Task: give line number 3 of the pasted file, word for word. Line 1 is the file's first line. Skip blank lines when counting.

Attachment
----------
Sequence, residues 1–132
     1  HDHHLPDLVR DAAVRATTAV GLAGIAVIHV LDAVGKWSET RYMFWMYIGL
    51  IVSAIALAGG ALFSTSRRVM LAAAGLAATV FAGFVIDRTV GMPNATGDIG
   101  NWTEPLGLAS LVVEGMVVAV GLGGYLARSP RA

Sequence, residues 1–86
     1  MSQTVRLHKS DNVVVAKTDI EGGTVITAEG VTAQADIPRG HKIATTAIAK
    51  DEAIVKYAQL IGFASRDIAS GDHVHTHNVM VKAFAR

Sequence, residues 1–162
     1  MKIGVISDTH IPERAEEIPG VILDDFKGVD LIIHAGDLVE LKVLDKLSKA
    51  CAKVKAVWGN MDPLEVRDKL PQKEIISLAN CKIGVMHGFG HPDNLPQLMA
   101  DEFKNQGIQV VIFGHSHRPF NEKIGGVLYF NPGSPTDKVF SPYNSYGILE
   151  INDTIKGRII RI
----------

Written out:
    51  IVSAIALAGG ALFSTSRRVM LAAAGLAATV FAGFVIDRTV GMPNATGDIG